Conserving the Landscape in the Face of Growth Blog
People are increasingly choosing where they live based on the quality of life they can experience, and green spaces are seen as essential components of that quality of life. Collaboration between communities is also emphasized to align with a master plan and connect with each other.
Housing, roads, and other infrastructure often replace farms, forests, and natural lands vital to the state’s economy and the well-being of its residents. Indeed, more than 2 million acres of natural lands in North Carolina have a high probability of development in the next 30 years. Some see this as a challenge to their conservation efforts. However, the next generation of North Carolinians is investing in land conservation to protect the state’s natural resources. High school student, Amarion Singletary, is passionate about learning the value of conserving natural resources amid growing development. Singletary and other students aim to pursue careers in protecting the state’s natural resources. Singletary believes that housing and conservation can coexist if development is carefully planned and natural habitats for animals are not destroyed. Singletary is optimistic that his generation will find the right balance between development and conservation, especially after working with other students who share his passion. He believes that educating and involving more people from different backgrounds in conservation efforts is crucial to a better future that balances development with conservation.
Communities across North Carolina are finding creative ways to expand natural assets. For example, Jones County is creating green space by repurposing an old school building into a destination park with the support of a comprehensive study conducted by East Carolina University. The 25-acre school site was flooded during Hurricane Florence in 2018 and has since been left abandoned, but the county hopes to transform it into a park with walking trails, playgrounds, picnic areas, and multi-use sports fields. The county plans to involve the community in the process to ensure the new park meets its needs and desires. The project represents a shift in focus towards preserving and utilizing green space rather than constructing new buildings that may be destroyed during future hurricanes or storms. By repurposing the old school site, Jones County is creating a space for future generations to gather and participate in recreational programs while preserving a site important to the county’s history.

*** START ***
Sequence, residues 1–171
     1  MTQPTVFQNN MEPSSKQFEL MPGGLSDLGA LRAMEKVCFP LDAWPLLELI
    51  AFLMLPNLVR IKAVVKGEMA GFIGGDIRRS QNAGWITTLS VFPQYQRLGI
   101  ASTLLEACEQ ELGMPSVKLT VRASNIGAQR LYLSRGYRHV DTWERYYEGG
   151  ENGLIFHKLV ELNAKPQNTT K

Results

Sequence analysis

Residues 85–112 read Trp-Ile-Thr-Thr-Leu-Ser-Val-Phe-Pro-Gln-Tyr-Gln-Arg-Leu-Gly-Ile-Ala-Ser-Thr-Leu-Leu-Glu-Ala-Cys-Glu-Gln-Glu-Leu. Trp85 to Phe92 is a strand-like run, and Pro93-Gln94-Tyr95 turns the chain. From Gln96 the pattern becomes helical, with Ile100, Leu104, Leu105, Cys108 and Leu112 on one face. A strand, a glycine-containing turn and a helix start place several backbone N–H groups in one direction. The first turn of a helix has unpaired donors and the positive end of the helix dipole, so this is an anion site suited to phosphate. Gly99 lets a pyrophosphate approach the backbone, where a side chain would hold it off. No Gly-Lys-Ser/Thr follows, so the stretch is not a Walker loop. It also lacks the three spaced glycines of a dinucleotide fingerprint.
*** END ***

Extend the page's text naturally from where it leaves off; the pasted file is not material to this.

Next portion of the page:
Conserving green space is important, especially in eastern North Carolina, where poverty is above the state average and high-quality open space is limited. Jones County leaders hope that repurposing the school site will provide citizens with valuable space for recreation and bring the community together. The county worked with leaders from the ECU Department of Recreation Sciences and spent a year doing research to create the Jones County Parks and Recreation master plan. As a part of the plan, the county plans to demolish part of the school building and renovate the rest to create the county’s first-ever wellness and recreation center.
Leaders in Lincolnton are seeking to revitalize its downtown area to attract visitors and improve the quality of life for residents. They collaborated with the Carolina Thread Trail, a network of trails and greenways across 15 counties spanning 300 miles, to create a destination for leisure and entertainment. The initiative aims to expand the trail network to 1,600 miles while ensuring careful stewardship to reduce erosion and protect species along the trail.
The Lincolnton initiative is expected to draw visitors of all ages who will explore the downtown area and enjoy a variety of leisure activities such as walking, dining, shopping, and attending events at the cultural center. Plans are also underway to build an amphitheater and recreation area downtown on the trail, thanks to input from high school students. The initiative is seen as a marriage of progress and nature that will benefit the community and its visitors.
The Carolina Thread Trail initiative reflects a planning trend among communities to prioritize green spaces and habitat protection as factors that make them livable and draw visitors. People are increasingly choosing where they live based on the quality of life they can experience, and green spaces are seen as essential components of that quality of life. Collaboration between communities is also emphasized to align with a master plan and connect with each other.